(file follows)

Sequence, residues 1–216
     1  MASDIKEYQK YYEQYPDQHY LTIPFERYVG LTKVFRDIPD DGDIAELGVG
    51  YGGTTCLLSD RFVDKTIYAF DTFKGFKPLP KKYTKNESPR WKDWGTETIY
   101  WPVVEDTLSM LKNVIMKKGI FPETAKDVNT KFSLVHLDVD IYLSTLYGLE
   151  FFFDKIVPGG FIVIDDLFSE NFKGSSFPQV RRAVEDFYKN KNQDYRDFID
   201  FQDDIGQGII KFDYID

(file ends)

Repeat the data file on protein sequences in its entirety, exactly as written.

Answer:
Sequence, residues 1–216
     1  MASDIKEYQK YYEQYPDQHY LTIPFERYVG LTKVFRDIPD DGDIAELGVG
    51  YGGTTCLLSD RFVDKTIYAF DTFKGFKPLP KKYTKNESPR WKDWGTETIY
   101  WPVVEDTLSM LKNVIMKKGI FPETAKDVNT KFSLVHLDVD IYLSTLYGLE
   151  FFFDKIVPGG FIVIDDLFSE NFKGSSFPQV RRAVEDFYKN KNQDYRDFID
   201  FQDDIGQGII KFDYID